A couple months ago, when we were buying veggie starters at Lowe’s, Happy did something that horrified us (I am not revealing what he did now because it will likely be the subject of a future blog post). It was something that went squarely against a basic parenting tenet we had established and while it really wasn’t that big of a deal, it was enough to cue me into the fact that, hmm, we hadn’t been paying enough attention to that value lately and maybe we needed to re-focus a bit. As we resolved the situation, I caught BF’s eye.
“We need to talk about that later,” I whispered.
Outside we went with our veggies and our kid and as we were loading up the car, BF was ready to talk.
“We are not bad parents!” He exclaimed before the conversation even started.
“I don’t think we are,” I replied, confused.
“Well, then, why did you want to talk about what just happened?” He asked.
“Because it’s something we said that we were going to be deliberate about in our parenting and that incident just reminded me that maybe we haven’t been all that deliberate about it lately and we could be. I am not criticizing us. I don’t think the world has ended. I think we simply just got some information that we can do something with. That’s all.”
BF’s bristles slowly laid back down as he remembered that we look at these types of situations pretty differently.
Last week, I got a notice from my bank that they had to transfer money from my savings account to my checking account to cover two checks I had written. Because I am not technologically inclined, I NEVER check my online banking statement. I might be the only person under 40 who still balances her checkbook in a little registry. I am hopefully not the only one who forgets to write some stuff in there and then ends up thinking she has a different balance than she does and, well, ends up needing money drawn out of her savings account to cover the checks she wrote (I am pausing here for a moment in gratitude that I am disciplined about having a savings account).
When I got the notice, I thought, aww, man. And then I thought, “hmmm, maybe I am not doing this the best way. Maybe there is a better way for me to keep up with my money.” I didn’t think “I suck at math.” I didn’t say, “I have no right being responsible for my money.” The letter from my bank was simply information that told me that maybe my current system wasn’t working so well.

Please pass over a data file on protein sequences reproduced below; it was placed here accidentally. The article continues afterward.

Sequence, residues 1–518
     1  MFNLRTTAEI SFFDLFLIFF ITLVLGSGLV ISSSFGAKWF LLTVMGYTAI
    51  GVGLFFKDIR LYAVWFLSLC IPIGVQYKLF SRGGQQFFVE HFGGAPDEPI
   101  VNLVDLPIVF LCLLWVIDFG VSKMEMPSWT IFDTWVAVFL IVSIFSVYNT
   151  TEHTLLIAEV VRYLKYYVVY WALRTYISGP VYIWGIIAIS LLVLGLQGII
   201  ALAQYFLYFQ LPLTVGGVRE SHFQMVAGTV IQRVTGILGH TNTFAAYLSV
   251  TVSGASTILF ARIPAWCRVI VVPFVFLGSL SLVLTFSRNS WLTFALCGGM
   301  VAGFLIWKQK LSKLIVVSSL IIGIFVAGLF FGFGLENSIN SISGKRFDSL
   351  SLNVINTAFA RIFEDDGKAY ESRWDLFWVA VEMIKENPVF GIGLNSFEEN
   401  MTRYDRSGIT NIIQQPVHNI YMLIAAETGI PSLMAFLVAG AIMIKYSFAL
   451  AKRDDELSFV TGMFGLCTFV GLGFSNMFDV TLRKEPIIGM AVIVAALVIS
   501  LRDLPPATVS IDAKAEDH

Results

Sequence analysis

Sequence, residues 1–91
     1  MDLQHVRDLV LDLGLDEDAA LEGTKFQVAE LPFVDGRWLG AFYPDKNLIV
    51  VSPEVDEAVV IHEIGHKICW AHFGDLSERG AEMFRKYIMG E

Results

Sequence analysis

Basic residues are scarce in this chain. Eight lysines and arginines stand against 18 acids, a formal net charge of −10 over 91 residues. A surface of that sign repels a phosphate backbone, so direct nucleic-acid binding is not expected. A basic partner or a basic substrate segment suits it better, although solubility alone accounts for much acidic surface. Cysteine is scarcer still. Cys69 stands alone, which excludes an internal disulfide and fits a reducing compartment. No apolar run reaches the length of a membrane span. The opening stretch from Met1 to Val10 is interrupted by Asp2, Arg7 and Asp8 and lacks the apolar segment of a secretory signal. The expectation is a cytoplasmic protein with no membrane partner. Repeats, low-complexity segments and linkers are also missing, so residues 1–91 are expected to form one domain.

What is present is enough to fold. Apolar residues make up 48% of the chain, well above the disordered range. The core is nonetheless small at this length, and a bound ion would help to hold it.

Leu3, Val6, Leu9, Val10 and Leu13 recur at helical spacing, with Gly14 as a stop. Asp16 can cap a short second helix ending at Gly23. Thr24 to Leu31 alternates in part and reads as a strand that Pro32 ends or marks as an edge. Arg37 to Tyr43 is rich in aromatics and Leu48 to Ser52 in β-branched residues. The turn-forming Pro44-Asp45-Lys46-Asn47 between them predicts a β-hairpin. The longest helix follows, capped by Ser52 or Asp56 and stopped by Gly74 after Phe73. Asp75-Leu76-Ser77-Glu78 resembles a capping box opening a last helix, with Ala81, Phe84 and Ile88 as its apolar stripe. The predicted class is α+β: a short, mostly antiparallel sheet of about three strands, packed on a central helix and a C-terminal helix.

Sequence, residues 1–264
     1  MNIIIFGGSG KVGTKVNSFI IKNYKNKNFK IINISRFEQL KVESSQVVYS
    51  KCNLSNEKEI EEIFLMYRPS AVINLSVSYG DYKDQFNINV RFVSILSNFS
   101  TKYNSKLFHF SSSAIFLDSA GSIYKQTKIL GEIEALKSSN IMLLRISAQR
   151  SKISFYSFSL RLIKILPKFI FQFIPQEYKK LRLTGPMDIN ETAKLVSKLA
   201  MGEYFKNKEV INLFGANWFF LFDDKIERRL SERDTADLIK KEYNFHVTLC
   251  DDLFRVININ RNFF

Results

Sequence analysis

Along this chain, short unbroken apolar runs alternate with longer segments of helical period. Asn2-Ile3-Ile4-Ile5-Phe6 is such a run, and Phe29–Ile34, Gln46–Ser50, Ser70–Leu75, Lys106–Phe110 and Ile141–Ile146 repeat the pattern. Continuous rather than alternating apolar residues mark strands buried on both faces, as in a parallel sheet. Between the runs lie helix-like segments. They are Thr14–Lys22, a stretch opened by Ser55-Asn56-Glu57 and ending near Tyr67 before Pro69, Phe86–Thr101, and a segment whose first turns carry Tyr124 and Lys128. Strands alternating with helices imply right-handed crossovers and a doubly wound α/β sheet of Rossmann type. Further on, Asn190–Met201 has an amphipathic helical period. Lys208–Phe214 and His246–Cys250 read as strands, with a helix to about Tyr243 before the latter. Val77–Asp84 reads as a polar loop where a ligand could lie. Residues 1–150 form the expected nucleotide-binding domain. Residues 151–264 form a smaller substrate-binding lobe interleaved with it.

We are so inclined to think that we are colossal screw-ups. That we are just one mistake away from being found out. Poor BF thought that I was going to totally berate our parenting not because I am a berater (I’m not, I promise), but because he exists, most of the time, in a more traditional world where you are either perfect or imperfect. You have either strengths or weaknesses that get dissected on annual reviews and the like.
But we are not- not one of us- a colossal screw-up. Maybe we’ve had our slip-ups– we forget to write an item in the checkbook or to mail a bill or said something we regret or forgot to reply to an email in a timely manner or fill in the blank here. But just because we don’t attend to every detail that we thought we should/could or others wished we would doesn’t mean we are flawed or imperfect. It is simply information.
The Lowe’s incident simply reminded us that we had gotten busy and forgotten to prioritize something. Being reminded of it allowed us to address it right away and to continue to do so regularly. For right now, it’s a non-issue, that value is reflected again in our parenting priorities. It could happen that we get busy and it falls away again. If it does, we’ll just recommit.
The checkbook incident made me aware that I probably need to check my online checking account more regularly and actually get some cash to use in the world instead of writing checks that I then forget to record in my little checkbook. Advanced math may not be my strong point but that’s not what caused the mishap. My memory (or lack thereof) did.
Maybe you forgot lunch with a friend. You aren’t the worst friend ever. Maybe your calendar system isn’t the best one for you or you are overwhelmed and need to streamline life right now by saying no to a few invitaitions.
Whatever it is that has made you call yourself a screw-up lately is lying to you. You are not a screw-up. The things that turn out differently than you expected or that you aren’t able to make happen aren’t taunting you. They aren’t telling you that you are imperfect (because both perfect and imperfect are total farces). They are giving you information. See them that way and there’s a way to grow, there’s a way up, there is possibility.
In what ways have you been seeing yourself as flawed? If you just look at those situations as information, can you see a way to grow from them? How can you be kinder and more generous in your critique of yourself?